We found “our” picnic table now inhabited by a family with a cooler, who had spread out everywhere, while folding our towels into a small corner. They were apologetic, but I couldn’t help wondering if this happens everywhere. What’s the point of “holding” a table, as they all seemed to, if others were just going to co-opt it? I don’t blame the park or its management for this one, but it was another issue. Disney water parks don’t have this problem, but then again Disney water parks don’t encourage picnics by locals, whereas Schlitterbahn management does, right there on their website.

After lunch, we went on a mat-driven racer at the front of the old park that gave massive airtime–this was the best ride of the day, though each of us was slightly injured by it.

Smaller indignities, however, came back almost right away. We missed one tram back to the new water park by perhaps three seconds, only to see the bus behind it zoom off without picking up any passengers (the hostess in front of us apologized politely and didn’t know why her supervisor sent that one off to the other side so quickly). The wait was only ten minutes until the next bus, but it felt like forever, especially after everything else we had suffered through so far that day.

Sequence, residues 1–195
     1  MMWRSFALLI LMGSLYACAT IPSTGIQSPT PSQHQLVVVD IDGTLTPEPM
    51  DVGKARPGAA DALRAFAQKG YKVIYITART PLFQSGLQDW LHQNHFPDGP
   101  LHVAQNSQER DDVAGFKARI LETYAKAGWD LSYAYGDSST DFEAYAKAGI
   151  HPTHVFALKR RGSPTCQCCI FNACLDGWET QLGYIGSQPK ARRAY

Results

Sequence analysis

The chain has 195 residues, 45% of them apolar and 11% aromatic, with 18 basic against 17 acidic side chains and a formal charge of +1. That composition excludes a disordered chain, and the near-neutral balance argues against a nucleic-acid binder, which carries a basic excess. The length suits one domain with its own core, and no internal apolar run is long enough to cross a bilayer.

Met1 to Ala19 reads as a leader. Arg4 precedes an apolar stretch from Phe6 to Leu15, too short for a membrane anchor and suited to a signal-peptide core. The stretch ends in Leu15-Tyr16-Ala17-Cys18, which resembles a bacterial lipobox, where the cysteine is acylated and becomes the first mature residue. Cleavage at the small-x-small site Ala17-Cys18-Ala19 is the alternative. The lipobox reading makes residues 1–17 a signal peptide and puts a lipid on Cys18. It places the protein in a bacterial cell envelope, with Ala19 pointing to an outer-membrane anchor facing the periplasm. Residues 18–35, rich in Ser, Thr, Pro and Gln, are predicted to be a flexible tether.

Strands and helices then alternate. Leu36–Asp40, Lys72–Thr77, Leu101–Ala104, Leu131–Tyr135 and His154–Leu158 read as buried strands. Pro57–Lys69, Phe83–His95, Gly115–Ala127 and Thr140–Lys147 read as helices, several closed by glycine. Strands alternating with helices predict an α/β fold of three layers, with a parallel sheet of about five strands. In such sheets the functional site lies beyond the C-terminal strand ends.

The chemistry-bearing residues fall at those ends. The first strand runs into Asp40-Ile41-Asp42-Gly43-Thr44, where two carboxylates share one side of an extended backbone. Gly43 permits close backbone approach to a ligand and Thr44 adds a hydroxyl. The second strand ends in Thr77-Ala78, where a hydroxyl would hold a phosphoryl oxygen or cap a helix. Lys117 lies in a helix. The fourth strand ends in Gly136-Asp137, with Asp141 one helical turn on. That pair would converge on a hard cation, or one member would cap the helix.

We went over intending to find the other water coaster, and followed a sign to a closed-off trail that was staff-only. Maybe the ride was closed? We later saw a line for this attraction coming from a different trail, though, so this was yet another moment of them not having their act together.